Responding to Young People
An Analysis of Programs Serving Young People Not Connected to School or Work
Sponsored by the Office of the Assistant Secretary for Planning and Evaluation (ASPE) at the U.S. Department of Health and Human Services, the Reconnecting Youth project aims to systematically understand what programs and practices are available in the United States to support young people who experience disconnection from school and work during the transition period to adulthood (typically defined as ages 16 to 24). It focuses specifically on services to help them reconnect to education, obtain employment, and advance in the labor market. This population of young people is often referred to as “disconnected youth” or “opportunity youth.” This project has produced two online tools to support these goals. The first is a compendium of programs, the focus of this publication, which provides an overview of 78 programs and the practices they employ. The second is an evidence gap map that looks at the available evidence about these practices to identify what evidence exists and where there are opportunities to build evidence.
The study team from MDRC and Child Trends conducted an expansive search to identify programs that met the scope of the compendium and fielded a qualitative questionnaire to all programs from the search. The 78 programs in the compendium together were projected to serve nearly 100,000 young people in 2021. This overview provides high-level findings from the questionnaire and connects these results to findings from the evidence gap map. While not meant to be a comprehensive survey of all programs operating, the findings offer insights into what services and implementation practices are more common or less common, the use of innovative practices, and the breadth of activities programs undertake in support of young people.
- Program characteristics: Programs in the compendium reflect diverse geographies, years of experience, and annual number of participants served. The programs are mostly nonprofits operated by community-based organizations and most received public funding, indicating that they have established infrastructure to apply for and qualify for such grants.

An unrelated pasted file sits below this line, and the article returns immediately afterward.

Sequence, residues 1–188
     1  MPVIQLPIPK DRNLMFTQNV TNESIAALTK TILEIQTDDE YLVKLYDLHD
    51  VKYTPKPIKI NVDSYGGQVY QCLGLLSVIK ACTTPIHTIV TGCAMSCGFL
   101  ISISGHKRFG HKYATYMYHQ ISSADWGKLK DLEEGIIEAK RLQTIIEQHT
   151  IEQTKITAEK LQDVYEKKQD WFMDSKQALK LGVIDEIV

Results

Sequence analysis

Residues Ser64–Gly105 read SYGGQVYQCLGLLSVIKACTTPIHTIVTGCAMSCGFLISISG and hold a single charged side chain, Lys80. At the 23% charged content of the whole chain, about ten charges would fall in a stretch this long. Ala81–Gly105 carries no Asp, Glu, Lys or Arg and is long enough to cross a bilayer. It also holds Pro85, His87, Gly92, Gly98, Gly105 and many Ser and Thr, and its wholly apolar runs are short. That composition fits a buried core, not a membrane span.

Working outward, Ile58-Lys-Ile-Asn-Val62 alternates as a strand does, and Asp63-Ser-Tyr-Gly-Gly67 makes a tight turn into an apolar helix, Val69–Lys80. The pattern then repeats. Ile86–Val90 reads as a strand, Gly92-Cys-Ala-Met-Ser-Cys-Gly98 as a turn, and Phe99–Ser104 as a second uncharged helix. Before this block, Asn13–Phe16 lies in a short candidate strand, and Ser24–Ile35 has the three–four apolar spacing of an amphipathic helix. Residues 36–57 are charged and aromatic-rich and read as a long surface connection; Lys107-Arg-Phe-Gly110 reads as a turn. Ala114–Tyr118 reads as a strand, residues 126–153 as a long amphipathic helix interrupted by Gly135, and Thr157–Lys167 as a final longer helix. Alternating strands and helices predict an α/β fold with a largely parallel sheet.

- Population served: Most reported serving primarily young people. Programs were long in duration and intensity, indicating a high intended dosage of services throughout an extended engagement.
- Outcomes targeted: The majority of programs reported targeting both education and employment outcomes, indicating that they focus on a range of outcomes rather than specializing in one area. For education, they focus mostly on basic skills gains, high school completion, or postsecondary enrollment. For employment, they target mostly shorter-term outcomes (e.g., placement and readiness) rather than longer term outcomes (e.g., retention and earnings).
- Education and employment services: Most programs provided both secondary and postsecondary education services, indicating that programs may have a main service but meet young people where they are at and provide the education services they need. Most programs reported having both work readiness services to prepare young people for the labor market and job placement supports to give young people skills to gain a foothold in the labor market and access to quality jobs.